THE HAGUE: Kiev will seek to convince the UN’s top court Monday that Moscow is “sponsoring terrorism” in a bloody conflict involving separatist pro-Russian rebels, as tensions escalate in war-torn eastern Ukraine.
Ukraine’s representatives will also ask the International Court of Justice (ICJ) to take emergency measures ordering Russia to stop its alleged funnelling of money, weapons and personnel into the east, and to halt what it called “discrimination” of minorities in Russian-occupied Crimea.
It is also seeking compensation for attacks on civilians in nearly three years of conflict.
Moscow has long denied arming the rebels and has hit back that the case was just motivated “by political interests.”
It has also claimed that Kiev in fact had “shown a lack of will to hold a concrete dialogue.”
Ukraine lodged its case against its former Soviet master at the court based in The Hague in mid-January, saying it has protested for several years against Moscow’s alleged financing of separatist rebels battling Ukrainian government forces.
Kiev says Moscow has “largely failed” to respond to its efforts to negotiate a resolution in the dispute and that “further negotiations would be futile.”
Ukraine now “respectfully requests the court to adjudge and declare that the Russian Federation bears international responsibility by virtue of its sponsorship of terrorism… for the acts of terrorism committed by its proxies in Ukraine,” it said in papers before the court.
Nearly three years of conflict have claimed some 10,000 lives in eastern Ukraine—and led to Russia’s seizure of Ukraine’s southern peninsula of Crimea in 2014—pushing ties between Moscow and the West to their lowest point since the Cold War.
Rare talks between Ukrainian President Petro Poroshenko and Russian counterpart Vladimir Putin over the past month have proved “fruitless,” the Ukrainian presidency said in a statement Thursday.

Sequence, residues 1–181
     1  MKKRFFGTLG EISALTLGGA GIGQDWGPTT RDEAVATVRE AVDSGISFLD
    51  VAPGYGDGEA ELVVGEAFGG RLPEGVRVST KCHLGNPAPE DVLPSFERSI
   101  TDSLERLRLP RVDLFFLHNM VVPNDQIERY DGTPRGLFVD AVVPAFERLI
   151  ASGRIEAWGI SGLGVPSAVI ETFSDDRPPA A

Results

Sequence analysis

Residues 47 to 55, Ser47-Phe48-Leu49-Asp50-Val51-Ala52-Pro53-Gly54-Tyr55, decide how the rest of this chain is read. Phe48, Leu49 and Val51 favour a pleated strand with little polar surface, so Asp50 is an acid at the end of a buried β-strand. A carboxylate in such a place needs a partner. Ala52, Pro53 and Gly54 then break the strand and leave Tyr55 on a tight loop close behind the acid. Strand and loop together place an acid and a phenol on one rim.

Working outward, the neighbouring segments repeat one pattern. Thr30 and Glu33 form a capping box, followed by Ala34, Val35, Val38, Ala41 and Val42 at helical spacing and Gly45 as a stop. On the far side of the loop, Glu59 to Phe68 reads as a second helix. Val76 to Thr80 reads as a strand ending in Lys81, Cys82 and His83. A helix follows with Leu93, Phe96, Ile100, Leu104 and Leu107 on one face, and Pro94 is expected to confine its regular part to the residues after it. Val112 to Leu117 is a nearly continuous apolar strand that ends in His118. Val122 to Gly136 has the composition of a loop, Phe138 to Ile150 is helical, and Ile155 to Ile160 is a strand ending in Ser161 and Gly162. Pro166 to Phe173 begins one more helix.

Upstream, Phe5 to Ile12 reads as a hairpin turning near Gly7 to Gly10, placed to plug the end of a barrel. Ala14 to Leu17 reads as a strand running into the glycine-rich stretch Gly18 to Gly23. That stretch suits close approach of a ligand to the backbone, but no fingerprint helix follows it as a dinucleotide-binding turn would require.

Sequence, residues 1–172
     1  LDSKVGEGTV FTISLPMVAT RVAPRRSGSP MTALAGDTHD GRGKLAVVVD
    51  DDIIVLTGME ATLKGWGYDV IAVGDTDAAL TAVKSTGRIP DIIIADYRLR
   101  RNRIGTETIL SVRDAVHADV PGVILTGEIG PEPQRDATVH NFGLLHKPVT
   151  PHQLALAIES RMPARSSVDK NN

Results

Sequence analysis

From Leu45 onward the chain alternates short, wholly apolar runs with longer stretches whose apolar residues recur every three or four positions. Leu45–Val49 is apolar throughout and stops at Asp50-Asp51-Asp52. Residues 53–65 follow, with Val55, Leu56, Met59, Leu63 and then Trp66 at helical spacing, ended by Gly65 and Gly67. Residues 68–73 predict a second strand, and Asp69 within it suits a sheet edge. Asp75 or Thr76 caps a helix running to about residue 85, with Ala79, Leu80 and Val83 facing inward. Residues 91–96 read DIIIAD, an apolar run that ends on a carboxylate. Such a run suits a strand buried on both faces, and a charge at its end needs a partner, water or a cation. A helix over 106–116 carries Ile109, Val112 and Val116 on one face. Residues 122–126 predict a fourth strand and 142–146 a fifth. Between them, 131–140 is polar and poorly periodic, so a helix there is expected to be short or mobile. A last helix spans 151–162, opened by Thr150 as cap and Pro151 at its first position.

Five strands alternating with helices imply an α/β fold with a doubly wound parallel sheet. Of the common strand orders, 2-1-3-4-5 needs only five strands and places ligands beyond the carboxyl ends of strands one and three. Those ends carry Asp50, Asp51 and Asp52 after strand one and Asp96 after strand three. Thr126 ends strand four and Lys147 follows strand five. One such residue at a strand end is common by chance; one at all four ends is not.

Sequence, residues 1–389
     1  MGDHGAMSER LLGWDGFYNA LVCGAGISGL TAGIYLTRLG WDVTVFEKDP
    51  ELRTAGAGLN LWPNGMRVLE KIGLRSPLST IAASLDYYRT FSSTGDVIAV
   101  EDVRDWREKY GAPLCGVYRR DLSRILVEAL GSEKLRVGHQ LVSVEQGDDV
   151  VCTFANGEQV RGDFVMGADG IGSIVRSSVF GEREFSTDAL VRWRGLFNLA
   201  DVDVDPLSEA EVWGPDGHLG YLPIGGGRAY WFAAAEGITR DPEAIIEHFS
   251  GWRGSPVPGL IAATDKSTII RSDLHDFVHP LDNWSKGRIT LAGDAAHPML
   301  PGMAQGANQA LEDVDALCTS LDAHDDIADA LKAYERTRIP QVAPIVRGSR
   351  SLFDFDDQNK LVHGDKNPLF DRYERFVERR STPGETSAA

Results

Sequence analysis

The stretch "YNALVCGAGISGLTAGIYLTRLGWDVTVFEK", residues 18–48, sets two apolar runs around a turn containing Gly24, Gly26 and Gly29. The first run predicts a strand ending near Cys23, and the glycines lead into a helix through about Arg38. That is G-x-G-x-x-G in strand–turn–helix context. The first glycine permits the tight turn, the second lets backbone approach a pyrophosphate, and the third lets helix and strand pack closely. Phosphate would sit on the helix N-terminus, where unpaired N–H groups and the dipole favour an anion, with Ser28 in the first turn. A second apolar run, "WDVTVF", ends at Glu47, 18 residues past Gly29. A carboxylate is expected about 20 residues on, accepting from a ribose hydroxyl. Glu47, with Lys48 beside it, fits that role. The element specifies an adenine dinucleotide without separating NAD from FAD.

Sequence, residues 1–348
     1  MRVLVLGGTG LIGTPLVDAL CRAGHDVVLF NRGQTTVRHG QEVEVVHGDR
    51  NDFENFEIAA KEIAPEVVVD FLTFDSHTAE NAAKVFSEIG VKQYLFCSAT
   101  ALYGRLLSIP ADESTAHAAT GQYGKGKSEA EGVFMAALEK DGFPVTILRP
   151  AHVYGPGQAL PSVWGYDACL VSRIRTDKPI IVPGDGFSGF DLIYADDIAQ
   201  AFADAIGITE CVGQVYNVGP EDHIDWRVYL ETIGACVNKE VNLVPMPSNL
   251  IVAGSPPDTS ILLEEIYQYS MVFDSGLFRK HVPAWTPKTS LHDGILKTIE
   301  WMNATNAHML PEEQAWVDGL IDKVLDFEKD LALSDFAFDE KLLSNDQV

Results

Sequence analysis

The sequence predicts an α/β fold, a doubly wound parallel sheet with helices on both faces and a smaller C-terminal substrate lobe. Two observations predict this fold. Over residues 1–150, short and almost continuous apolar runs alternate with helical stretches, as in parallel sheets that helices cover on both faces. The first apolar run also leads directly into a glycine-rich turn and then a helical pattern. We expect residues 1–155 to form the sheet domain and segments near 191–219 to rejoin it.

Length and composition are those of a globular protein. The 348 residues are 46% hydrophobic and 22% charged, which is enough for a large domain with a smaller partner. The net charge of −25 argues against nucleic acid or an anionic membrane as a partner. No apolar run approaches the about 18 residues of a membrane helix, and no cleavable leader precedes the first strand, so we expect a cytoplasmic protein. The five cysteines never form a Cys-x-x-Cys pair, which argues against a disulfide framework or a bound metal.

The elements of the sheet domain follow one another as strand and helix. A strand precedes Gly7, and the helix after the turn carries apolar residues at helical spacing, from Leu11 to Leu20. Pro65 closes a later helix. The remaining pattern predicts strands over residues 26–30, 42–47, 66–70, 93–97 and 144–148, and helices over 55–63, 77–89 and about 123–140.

Upsurge in fighting
The talks come amid an upsurge in violence which killed 35 people in early February, centered around the government-held town of Avdiivka near rebel bastion Donetsk.
Moscow also “brazenly defied” the UN Charter by seizing Ukraine’s southern peninsula of Crimea, and then attempted to “legitimize its act of aggression” by holding an “illegal referendum,” Kiev said in its filing.
It accuses Russia of discriminating against Crimean minorities such as Tatars and ethnic Ukrainians including conducting what it termed a campaign of “cultural erasure” against these groups.
Ukraine wants Russia to “make full reparations for…acts of terrorism the Russian Federation has caused, facilitated or supported,” it said, including the shooting down of Malaysia Airlines Flight MH17 shot down by a missile over rebel-held eastern Ukraine in 2014.
A Russian embassy official told AFP that a “broad delegation” of some 35 officials including “members of different agencies, experts and lawyers” will be present at the four days of hearings which open Monday, and are due to end on Thursday.
The ICJ was set up in 1945 to rule in disputes between countries.
While the ICJ is now considering whether to take up the full dispute, its 15 permanent judges must also decide on the so-called provisional or emergency measures requested by Kiev, including ordering Moscow to “refrain from any action which might aggravate or extend the dispute.”
While UN member nations are bound to abide by the decisions of the ICJ, in reality whatever decision the court reaches is unlikely to have much concrete effect on the ground.